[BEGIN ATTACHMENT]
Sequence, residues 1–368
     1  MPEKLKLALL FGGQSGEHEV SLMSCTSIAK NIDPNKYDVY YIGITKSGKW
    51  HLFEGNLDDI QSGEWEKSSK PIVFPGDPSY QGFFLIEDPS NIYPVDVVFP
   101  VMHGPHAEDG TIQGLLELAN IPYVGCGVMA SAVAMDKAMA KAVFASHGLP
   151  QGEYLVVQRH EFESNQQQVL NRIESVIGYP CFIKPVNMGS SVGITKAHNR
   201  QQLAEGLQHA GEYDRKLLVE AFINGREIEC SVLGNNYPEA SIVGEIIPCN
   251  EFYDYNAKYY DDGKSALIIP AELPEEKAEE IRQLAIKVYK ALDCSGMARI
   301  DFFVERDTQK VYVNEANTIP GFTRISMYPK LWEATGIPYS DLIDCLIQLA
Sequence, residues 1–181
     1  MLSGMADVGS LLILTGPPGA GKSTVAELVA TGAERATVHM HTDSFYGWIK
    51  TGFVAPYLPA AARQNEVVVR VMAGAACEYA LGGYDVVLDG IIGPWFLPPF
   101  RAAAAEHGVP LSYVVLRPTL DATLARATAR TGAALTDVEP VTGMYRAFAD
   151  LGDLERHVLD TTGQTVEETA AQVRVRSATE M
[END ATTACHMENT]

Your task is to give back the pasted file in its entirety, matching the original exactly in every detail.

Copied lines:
Sequence, residues 1–368
     1  MPEKLKLALL FGGQSGEHEV SLMSCTSIAK NIDPNKYDVY YIGITKSGKW
    51  HLFEGNLDDI QSGEWEKSSK PIVFPGDPSY QGFFLIEDPS NIYPVDVVFP
   101  VMHGPHAEDG TIQGLLELAN IPYVGCGVMA SAVAMDKAMA KAVFASHGLP
   151  QGEYLVVQRH EFESNQQQVL NRIESVIGYP CFIKPVNMGS SVGITKAHNR
   201  QQLAEGLQHA GEYDRKLLVE AFINGREIEC SVLGNNYPEA SIVGEIIPCN
   251  EFYDYNAKYY DDGKSALIIP AELPEEKAEE IRQLAIKVYK ALDCSGMARI
   301  DFFVERDTQK VYVNEANTIP GFTRISMYPK LWEATGIPYS DLIDCLIQLA
Sequence, residues 1–181
     1  MLSGMADVGS LLILTGPPGA GKSTVAELVA TGAERATVHM HTDSFYGWIK
    51  TGFVAPYLPA AARQNEVVVR VMAGAACEYA LGGYDVVLDG IIGPWFLPPF
   101  RAAAAEHGVP LSYVVLRPTL DATLARATAR TGAALTDVEP VTGMYRAFAD
   151  LGDLERHVLD TTGQTVEETA AQVRVRSATE M